There’s nothing nice about The Niceties – it’s angry, combative, and explosive, and far from the eponymous suggestion of politeness in social behavior and etiquette. Originally presented as part of Manhattan Theatre Club’s Ted Snowdon Reading Series in 2017, the play made its fully-staged rolling world premiere in the 2018-19 season of MTC in New York, The Huntington in Boston, and McCarter Theatre Center in Princeton. Now a new digital production is being streamed by MTC in association with The Huntington, adapted by playwright Eleanor Burgess specifically for the pandemic-time virtual stage. But, sadly, its message of the ongoing racial inequity, divisiveness, and hostility throughout American history needs no current reimagining; it has become even more immediate and timely in light of the turbulent socio-political events, and calls for radical reform, of the past year (and the first anniversary of the death of George Floyd on Tuesday).
Directed by Kimberly Senior, the provocative two-hander is set in 2016, during the last year of the Obama administration and the presidential campaign for the upcoming election. An esteemed professor (Janine, a white woman of the Baby Boomer generation) and an inspired undergrad (Zoe, a Black female Millennial) from a prestigious Ivy-League university are meeting via Skype to review the student’s paper on the American Revolution. What begins with instructional/editorial comments about grammar, the need for proofreading, and stylistic flair quickly morphs from suggestions about writing skills (the niceties of accuracy, precision, and fine detail) to a ferocious hard-hitting debate on history, methodology, curriculum, democracy, and oppression from their divergent perspectives of race, age, and sexual identity.
Though both are passionately pro-Obama and anti-Trump, stand firmly on the liberal/Democratic voting side of the broader political spectrum, and share the privilege of an affiliation with a top-ranking institution, their conversation is not like-minded, but becomes increasingly heated – less of a dialogue than two adamant diatribes, with neither one truly listening, showing any understanding, or feeling any empathy towards the expressed observations, experiences, or beliefs of the other (the theme of student/professor antipathy recalls David Mamet’s Oleanna, though with racism, not sexual harassment, at its core). Discussion is replaced by disagreement, provocation, insults, and threats, each convinced that she alone is right, and each making valid points in Burgess’s highly articulate and mostly equally-weighted script (until it isn’t).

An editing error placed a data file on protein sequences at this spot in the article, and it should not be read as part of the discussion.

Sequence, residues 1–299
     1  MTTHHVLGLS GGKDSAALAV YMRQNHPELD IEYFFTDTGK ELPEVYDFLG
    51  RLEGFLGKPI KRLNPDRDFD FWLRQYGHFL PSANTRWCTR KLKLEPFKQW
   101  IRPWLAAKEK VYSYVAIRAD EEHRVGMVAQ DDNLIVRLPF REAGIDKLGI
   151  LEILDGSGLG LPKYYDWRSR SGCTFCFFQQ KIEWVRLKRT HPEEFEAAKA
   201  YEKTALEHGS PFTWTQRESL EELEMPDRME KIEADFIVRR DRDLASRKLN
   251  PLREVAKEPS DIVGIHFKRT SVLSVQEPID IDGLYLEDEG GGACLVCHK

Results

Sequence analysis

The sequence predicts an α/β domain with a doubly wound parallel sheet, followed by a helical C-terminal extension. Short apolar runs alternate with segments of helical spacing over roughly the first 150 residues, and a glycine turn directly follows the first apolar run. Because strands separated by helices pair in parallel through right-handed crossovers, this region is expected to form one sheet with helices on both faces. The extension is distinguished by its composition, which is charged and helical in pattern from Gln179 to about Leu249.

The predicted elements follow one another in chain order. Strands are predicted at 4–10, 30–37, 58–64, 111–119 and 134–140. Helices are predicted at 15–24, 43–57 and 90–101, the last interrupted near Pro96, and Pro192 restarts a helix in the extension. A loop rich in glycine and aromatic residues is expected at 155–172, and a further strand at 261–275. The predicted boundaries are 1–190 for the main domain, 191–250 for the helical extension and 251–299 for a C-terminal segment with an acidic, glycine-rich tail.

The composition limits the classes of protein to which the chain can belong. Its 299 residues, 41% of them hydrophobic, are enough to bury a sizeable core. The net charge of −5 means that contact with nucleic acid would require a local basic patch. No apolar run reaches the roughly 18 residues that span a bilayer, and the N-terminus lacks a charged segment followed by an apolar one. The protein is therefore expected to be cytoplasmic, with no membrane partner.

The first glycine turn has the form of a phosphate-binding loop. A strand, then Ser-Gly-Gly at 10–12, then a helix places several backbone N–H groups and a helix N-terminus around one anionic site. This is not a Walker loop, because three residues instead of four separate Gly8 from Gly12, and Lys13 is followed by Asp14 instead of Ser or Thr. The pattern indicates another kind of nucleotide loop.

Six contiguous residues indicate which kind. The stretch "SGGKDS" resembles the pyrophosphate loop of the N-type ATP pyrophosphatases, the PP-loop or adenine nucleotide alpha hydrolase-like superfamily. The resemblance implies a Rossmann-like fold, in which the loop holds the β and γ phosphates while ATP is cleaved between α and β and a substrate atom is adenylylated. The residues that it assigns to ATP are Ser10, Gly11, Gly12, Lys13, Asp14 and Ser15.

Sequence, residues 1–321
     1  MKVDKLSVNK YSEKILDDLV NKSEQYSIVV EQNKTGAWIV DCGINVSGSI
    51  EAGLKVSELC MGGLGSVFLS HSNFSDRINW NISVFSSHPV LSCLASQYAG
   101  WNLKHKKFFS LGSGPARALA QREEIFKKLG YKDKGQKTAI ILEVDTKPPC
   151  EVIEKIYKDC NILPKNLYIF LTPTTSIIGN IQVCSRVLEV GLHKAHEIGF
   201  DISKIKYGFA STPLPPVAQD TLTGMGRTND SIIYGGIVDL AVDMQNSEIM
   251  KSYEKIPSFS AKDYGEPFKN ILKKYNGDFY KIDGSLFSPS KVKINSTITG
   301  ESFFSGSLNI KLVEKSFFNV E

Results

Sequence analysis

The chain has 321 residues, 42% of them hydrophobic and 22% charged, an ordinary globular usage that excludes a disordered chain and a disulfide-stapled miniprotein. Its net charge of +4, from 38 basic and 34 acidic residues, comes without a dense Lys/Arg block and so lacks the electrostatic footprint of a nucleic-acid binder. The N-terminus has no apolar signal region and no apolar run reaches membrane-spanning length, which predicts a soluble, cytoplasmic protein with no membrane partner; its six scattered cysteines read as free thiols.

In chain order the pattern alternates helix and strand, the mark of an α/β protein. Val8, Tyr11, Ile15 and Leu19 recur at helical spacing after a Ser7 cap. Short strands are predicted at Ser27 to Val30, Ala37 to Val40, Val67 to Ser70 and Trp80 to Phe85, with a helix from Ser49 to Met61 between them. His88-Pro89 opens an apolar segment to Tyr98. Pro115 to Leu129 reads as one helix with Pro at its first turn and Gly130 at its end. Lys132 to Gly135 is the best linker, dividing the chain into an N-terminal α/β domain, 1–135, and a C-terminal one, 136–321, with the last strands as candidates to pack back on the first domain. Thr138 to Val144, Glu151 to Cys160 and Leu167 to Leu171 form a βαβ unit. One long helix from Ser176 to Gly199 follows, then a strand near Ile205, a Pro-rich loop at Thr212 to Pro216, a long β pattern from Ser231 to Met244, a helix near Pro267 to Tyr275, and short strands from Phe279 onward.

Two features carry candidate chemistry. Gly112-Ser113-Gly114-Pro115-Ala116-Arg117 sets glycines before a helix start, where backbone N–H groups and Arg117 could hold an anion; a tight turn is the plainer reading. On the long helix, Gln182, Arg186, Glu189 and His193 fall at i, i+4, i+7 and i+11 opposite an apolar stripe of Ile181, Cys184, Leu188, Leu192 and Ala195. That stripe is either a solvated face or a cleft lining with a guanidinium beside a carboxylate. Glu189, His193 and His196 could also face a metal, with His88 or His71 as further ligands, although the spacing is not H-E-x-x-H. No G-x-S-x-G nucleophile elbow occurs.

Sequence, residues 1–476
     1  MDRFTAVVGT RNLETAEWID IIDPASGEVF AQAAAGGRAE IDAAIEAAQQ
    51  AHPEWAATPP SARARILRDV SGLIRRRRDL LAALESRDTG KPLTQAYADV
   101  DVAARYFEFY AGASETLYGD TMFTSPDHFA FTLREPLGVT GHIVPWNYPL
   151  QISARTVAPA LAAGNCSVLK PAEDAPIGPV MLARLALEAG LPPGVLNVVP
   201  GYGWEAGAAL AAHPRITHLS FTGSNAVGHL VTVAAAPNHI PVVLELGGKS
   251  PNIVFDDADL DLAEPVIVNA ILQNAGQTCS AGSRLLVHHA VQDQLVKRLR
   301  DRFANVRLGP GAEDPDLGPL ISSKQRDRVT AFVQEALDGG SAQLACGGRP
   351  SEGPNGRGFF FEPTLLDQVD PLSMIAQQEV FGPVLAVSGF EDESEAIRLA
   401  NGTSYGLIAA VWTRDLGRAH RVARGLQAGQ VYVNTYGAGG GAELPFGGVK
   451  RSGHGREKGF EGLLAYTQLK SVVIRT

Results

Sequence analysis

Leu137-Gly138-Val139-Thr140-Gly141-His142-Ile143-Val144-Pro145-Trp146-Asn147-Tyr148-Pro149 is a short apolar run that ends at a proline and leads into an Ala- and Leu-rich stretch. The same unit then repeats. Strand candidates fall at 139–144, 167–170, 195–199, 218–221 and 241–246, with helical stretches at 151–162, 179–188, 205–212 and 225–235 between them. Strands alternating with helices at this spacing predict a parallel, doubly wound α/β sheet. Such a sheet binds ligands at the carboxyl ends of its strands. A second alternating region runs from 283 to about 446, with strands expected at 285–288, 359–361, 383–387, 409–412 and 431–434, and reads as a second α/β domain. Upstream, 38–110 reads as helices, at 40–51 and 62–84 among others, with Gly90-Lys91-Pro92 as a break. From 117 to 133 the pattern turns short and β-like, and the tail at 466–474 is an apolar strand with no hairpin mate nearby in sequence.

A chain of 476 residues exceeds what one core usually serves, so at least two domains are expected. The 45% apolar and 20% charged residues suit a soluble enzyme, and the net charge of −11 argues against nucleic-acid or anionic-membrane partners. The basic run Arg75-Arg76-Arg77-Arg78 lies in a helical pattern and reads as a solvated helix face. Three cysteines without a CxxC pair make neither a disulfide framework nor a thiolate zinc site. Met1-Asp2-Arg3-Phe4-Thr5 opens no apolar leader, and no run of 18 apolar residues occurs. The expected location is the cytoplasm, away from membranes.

Played by the original cast of Lisa Banes as Janine and Jordan Boatman as Zoe, the hard-hitting characterizations of the antagonists are impeccably delivered and the commitment to their divergent viewpoints is fully believable. Banes is the epitome of pride and condescension in her expertise, accomplishments, and credentials, maintaining a refined and mature tone while interspersing jabs with compliments (until she doesn’t). Boatman’s Zoe exudes a reckless youthful spirit of activism and impatience, demanding immediate revolutionary reform in school and society that would overthrow the orthodoxy of traditional research, documentation, and “bullshit credentialism” in favor of revisionism, inclusivity, and a reliance on digital media to ignite support and affirmation (until it doesn’t).
Many significant intellectual and practical questions arise in the drama. What constitutes bold creative thinking and what are merely unproven assertions? Are personal feelings taking the place of evidence? Do critical comments represent educating or belittling? Are the demands for change seeking improvement or punishment? Are they a call for justice or revenge? Is compromise more effective than divisionism? Is rude confrontation bereft of empathy? Is language that appeals to people and persuades them necessary to attain a majority? And isn’t a majority how democracy works?
Most importantly, the play ponders if the fallout they both face on a personal, professional, and public level helps their cause or further widens the great divide of our country (including the viewers, who are likely to take the side of the character with whom they most identify). The implications are profound and will make you consider the best options for making progress, correcting injustice, and unifying our population as “one nation . . . indivisible, with liberty and justice for all” – or if that’s even a possibility.
Running Time: Approximately one hour and 50 minutes, including an intermission.